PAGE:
In a Haze?

2011 January 5

Have you ever driven your car, miles on end, only to arrive at your destination not remembering how you got there? Have you ever turned several pages in a book only to realize that you have no idea what you just read? Have you found yourself so anticipating a looming doctor’s appointment that the moments, hours, and even days spent with a loved one pass before you without your full presence and attention?

Able to transcend the place and space of our caregiving moment, we can imagine worlds of possibilities far beyond our immediate present—luring ourselves far away from where we are, blinding us to the very person we love and care.

If you feel like you are caring in a haze, you are not alone. In fact, you are in good company.  Caregivers are particularly prone to the haze of abstraction because most of the time, our care is given in exhaustion, hours on end, where routine becomes the perfect breeding ground for thoughts that take us far away from the place our bodies occupy.

Keep in mind the following tips specifically tailored for helping keep your mind and body in the same place—out of the haze that turns moments of appreciation and connection into dark tints of perpetual forgetfulness:

  • When your body is at rest, your mind is most susceptible to leaving the moment and taking you far away from the person in front of you. Move your body and force your mind to adjust to the changing circumstances before you to recapture the presence of the present. This can be as simple as walking around the stairs, or getting up from your chair and stretching your body. Physical movement is the key to breaking through the hypnotizing thoughts that turn you away from your loved one and your immediate surroundings.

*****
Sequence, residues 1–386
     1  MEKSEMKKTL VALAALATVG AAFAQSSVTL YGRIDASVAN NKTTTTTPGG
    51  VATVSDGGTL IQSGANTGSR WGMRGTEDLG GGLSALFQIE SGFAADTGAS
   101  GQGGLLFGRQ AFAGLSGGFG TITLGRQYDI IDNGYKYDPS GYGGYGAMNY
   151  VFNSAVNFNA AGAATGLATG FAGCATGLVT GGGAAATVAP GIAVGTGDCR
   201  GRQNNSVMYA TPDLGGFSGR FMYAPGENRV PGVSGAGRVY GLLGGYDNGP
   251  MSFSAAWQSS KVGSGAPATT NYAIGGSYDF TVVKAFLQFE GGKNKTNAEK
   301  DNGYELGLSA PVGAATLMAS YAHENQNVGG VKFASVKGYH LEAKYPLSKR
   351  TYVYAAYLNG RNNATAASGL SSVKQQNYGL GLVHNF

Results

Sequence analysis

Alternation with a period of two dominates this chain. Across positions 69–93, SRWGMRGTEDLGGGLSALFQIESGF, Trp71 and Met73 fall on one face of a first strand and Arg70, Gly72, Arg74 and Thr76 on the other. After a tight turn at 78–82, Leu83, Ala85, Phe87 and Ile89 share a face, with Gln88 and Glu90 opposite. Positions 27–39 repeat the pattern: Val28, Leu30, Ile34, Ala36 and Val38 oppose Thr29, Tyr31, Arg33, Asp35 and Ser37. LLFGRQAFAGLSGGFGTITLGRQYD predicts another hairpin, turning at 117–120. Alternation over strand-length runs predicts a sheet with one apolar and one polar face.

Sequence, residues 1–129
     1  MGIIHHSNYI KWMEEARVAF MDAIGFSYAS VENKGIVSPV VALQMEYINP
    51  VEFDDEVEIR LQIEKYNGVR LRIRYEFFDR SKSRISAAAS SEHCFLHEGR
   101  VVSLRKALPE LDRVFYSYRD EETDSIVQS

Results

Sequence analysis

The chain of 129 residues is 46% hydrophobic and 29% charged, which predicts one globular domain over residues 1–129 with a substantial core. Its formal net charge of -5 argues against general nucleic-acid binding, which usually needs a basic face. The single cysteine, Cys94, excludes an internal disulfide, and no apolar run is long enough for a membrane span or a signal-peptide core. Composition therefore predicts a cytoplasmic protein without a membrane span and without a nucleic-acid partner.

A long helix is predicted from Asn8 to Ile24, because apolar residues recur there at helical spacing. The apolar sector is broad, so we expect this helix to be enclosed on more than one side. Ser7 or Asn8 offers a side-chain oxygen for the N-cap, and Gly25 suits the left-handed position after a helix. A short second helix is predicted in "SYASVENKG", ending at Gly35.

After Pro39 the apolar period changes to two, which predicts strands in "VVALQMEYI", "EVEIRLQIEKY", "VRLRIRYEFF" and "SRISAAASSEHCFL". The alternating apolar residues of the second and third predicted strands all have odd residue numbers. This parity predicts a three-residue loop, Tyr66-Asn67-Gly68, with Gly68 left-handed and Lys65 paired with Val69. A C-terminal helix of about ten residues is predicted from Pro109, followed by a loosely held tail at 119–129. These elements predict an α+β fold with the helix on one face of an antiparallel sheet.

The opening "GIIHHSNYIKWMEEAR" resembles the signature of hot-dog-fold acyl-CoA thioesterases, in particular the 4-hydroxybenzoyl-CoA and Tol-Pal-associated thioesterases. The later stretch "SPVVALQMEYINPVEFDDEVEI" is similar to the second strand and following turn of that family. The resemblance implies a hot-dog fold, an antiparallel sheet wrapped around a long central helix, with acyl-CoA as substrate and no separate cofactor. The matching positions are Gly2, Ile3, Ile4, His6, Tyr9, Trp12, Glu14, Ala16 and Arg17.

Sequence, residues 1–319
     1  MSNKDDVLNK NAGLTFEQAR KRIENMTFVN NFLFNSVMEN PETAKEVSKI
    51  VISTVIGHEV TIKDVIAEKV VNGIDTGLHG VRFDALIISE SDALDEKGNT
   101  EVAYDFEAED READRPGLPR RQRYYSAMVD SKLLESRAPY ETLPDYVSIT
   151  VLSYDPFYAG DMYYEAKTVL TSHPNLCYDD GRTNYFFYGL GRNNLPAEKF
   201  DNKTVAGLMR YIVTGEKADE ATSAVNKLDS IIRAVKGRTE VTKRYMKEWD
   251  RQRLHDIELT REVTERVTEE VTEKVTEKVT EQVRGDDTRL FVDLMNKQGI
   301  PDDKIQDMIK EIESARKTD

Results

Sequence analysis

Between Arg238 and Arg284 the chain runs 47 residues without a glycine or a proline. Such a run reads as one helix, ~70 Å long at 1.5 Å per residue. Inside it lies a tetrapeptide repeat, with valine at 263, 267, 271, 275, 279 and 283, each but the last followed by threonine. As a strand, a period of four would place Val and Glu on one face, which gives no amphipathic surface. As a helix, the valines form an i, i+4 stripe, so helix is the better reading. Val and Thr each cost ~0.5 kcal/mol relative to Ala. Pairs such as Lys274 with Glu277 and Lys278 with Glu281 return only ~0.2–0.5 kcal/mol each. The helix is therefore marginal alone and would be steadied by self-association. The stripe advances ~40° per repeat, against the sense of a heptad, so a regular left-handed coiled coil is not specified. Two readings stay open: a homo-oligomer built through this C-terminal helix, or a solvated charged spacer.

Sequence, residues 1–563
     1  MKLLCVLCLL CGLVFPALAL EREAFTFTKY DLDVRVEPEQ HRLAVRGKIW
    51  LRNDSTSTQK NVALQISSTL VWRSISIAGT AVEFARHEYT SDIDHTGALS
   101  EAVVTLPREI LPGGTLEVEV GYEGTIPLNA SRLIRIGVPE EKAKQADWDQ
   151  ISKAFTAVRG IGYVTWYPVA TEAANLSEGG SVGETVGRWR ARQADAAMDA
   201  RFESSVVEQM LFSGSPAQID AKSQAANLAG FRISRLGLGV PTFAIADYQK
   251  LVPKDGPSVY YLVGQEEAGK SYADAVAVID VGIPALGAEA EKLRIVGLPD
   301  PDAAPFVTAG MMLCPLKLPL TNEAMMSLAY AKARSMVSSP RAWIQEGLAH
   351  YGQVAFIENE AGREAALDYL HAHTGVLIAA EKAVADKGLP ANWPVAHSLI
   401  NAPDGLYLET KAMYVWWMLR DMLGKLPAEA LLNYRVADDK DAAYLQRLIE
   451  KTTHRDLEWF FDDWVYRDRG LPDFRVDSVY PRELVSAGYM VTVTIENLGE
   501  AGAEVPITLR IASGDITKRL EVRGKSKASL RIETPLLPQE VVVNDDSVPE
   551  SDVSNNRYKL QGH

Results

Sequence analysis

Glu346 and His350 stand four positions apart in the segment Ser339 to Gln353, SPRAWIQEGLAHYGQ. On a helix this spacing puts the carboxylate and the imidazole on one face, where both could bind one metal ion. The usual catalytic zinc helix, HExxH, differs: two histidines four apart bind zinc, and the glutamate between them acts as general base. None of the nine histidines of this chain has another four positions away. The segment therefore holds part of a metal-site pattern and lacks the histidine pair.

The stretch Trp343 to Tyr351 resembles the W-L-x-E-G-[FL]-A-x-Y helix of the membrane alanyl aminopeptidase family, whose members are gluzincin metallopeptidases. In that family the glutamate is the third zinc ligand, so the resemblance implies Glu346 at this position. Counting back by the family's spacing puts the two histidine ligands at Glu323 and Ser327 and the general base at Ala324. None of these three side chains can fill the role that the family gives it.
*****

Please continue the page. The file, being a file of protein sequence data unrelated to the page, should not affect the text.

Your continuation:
• Focus on senses beyond sight. Abstract thoughts that take us away from the present thrive on our tendency to ignore our senses. What does the room you are in smell like? What does the wind against your cheek feel like? What does your loved one’s skin feel like against your touch?
  • Perfect temperatures are the perfect breeding grounds for abstract thoughts that take you away from where you are. Swallow up the moment you are in by taking a deep breath of air—outside air—air that is not perfectly conditioned to a perfect temperature. Simply stepping beyond the front door into the cold, frigid air or hot, humid, stagnating air will help remind you that you are in a season, in a particular moment of time with your loved one that can not ever be duplicated.
  • Write out on a piece of paper the very thoughts that are swirling in your head. Yes, I mean literally write out the thoughts that you are chasing. Abstract thought thrives on its ability to play a high-stake game of poker, time after time without fear, knowing it will never be called out. Only by calling out the very thoughts that are taking you away from the person across from you, will you allow yourself the freedom to literally put the thought away, in your desk, or a drawer, anywhere but in front of the person who needs your attention and is worthy of all of your senses.

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